Niall Doherty of Hornets247 heard about the trade of Tyson Chandler for Chris Wilcox and Joe Smith, and wrote:
What little faith I did have that the Hornets could compete for a championship this season? It's dead and gone.
No one at ESPN.com pictured the Hornets finishing lower than fourth in the West when the season began, and plenty of people thought they'd win the West. So this is a slide, to be certain. They have coped with injuries, and a re-jiggered roster that seems to lack a little bit of punch.
Now, add the financial crisis to lists of things keeping the Hornets from immediate contention. Doherty continues:
This really sucks, but I'm not sure Jeff Bower had much choice. With the economy the way it is, we were suddenly looking at a significant luxury tax penalty next season unless we could shed salary in a hurry. Tyson Chandler was our best trade chip due to his sizeable contract and the high demand for such a big man.
So the Hornets have achieved their goal of shedding salary. Joe Smith and Chris Wilcox come off the books this summer.
Of course, the real downside of this is that we definitely took a step back as a team. The Hornets' interior D was undeniably weak with Tyson out injured, and neither Smith nor Wilcox will be able to defend the paint quite like TC could. Offensively, that pair might combine to give us a few more points than Tyson, but my guess is that they won't be running the pick and roll with Chris Paul anywhere near as well as Tyson could.
UPDATE: TrueHoop reader J.C. e-mails:
1) Niall Doherty is being way too nice to Jeff Bower. Didn't have much choice? I am pretty sure that he had the choice to not pay way too much for James Posey, a player who didn't fill our most obvious needs when he was signed, and who is looking increasingly (and painfully) like an embodiment of the idea that players at his position rapidly decline at his age. That, and other moves (like Peja's contract) make Bower fairly responsible in my book.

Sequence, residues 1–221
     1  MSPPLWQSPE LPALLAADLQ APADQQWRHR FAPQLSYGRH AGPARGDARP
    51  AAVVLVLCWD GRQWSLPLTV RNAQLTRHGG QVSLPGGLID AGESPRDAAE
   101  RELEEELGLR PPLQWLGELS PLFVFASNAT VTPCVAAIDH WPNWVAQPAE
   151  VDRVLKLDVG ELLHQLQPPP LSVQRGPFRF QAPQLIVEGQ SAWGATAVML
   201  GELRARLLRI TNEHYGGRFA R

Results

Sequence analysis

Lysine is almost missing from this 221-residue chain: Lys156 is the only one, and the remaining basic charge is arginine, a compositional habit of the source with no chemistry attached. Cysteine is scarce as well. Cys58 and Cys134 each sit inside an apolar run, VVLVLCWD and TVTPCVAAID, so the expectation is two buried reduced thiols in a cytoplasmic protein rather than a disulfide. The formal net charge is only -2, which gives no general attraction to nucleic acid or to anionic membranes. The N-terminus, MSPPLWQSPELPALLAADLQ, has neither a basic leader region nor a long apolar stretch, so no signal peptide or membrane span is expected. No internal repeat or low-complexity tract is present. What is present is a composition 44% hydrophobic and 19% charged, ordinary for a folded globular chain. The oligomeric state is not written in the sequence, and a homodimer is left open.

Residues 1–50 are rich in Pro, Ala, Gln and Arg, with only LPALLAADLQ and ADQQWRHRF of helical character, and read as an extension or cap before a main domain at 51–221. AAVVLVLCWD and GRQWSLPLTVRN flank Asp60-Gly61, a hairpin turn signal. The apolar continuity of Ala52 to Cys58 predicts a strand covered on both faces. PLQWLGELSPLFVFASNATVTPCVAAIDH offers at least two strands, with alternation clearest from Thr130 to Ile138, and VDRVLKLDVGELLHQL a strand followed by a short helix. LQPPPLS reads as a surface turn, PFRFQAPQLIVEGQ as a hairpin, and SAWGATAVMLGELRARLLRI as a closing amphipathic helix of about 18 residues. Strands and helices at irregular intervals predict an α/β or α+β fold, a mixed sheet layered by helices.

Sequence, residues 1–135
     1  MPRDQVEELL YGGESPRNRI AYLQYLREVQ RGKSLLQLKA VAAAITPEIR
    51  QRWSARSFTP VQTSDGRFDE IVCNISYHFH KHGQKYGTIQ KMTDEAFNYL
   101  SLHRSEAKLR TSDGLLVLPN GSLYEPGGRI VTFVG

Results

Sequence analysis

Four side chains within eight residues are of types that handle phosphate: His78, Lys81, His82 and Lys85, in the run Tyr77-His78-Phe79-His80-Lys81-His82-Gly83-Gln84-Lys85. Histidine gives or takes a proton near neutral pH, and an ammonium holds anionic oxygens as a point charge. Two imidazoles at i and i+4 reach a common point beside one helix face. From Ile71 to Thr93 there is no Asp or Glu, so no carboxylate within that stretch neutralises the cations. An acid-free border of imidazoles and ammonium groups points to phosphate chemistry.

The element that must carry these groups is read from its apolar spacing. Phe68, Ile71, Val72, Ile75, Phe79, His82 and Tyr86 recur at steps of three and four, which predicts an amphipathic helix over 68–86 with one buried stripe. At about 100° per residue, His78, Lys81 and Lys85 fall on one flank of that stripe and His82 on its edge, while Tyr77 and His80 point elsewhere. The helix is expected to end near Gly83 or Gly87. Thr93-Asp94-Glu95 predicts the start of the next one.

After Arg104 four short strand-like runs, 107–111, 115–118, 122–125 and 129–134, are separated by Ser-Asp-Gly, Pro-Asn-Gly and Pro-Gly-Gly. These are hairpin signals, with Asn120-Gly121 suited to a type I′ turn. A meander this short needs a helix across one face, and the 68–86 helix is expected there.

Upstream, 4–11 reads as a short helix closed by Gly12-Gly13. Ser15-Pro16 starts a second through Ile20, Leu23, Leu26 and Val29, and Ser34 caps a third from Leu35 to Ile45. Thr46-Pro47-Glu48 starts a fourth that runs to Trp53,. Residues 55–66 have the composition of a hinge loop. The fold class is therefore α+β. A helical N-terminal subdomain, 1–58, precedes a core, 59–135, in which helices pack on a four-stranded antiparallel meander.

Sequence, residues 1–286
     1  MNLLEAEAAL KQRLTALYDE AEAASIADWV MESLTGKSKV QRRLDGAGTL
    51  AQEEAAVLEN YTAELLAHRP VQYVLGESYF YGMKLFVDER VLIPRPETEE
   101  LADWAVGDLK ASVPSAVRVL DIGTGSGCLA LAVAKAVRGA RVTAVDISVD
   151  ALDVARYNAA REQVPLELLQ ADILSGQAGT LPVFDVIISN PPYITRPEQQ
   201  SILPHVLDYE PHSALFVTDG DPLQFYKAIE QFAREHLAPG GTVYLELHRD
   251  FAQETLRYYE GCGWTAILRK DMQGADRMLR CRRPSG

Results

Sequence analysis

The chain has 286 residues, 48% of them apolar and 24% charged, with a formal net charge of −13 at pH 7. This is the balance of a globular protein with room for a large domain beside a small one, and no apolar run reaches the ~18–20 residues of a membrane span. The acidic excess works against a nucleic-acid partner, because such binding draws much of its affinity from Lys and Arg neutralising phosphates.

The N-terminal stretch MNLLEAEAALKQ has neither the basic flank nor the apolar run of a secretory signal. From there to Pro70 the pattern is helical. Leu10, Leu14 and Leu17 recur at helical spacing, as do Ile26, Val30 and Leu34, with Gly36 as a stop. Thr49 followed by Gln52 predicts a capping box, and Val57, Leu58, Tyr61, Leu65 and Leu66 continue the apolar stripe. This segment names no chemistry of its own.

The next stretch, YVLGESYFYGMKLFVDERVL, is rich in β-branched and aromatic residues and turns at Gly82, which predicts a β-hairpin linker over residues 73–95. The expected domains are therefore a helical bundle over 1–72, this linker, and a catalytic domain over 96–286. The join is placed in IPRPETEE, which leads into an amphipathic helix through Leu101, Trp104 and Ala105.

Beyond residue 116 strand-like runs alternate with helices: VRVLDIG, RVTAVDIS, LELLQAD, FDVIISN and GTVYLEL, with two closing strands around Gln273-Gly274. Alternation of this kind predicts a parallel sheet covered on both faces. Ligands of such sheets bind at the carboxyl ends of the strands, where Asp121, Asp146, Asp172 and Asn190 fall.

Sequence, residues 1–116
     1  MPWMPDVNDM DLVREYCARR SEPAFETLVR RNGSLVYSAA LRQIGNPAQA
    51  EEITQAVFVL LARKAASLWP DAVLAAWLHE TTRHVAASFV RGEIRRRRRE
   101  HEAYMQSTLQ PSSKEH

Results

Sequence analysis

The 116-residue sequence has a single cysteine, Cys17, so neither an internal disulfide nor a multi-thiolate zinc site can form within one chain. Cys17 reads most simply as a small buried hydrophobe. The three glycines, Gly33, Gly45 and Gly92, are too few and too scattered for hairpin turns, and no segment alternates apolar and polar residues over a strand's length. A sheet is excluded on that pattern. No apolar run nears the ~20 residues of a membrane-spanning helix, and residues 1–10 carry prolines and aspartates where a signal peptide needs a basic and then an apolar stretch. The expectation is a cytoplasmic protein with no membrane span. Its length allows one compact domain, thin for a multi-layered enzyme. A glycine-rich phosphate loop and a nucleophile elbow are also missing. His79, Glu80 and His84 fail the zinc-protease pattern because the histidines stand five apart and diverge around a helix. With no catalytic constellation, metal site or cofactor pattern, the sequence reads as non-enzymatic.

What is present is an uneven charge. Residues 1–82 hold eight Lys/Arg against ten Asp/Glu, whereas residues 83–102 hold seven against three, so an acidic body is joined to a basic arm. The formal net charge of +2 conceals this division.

2) Even considering the economy, the Hornets are still a basketball team, right? Can a basketball team really survive financially by making moves that by most accounts look horrible from a basketball perspective? Per this point -- do they really think this is the way to get fans to buy tickets? I, for one, don't anticipating buying any Hornets tickets for a while, and I am seriously thinking about taking the unused tickets from my current partial season ticket package, putting them in an envelope, and sending them back to Jeff Bower.
3) Will anyone really be that surprised if in a few years we look back on this salary dump as the first in a series of moves that leads to Shinn moving the team to a different city?
I, for one, always get nervous about blaming the general manager, when you never know how things play out with the owner. Sure Jeff Bower has had a couple of misses, but so has R.C. Buford, Joe Dumars, Red Auerbach, and everybody else. Every GM in the NBA would rather have Chandler than empty seats on the bench. But if your owner won't pay Chandler, you do what you can. It could be that Sam Presti's brilliance in this deal was not in anything to do with talent evaluation, but in talking his owners into spending money.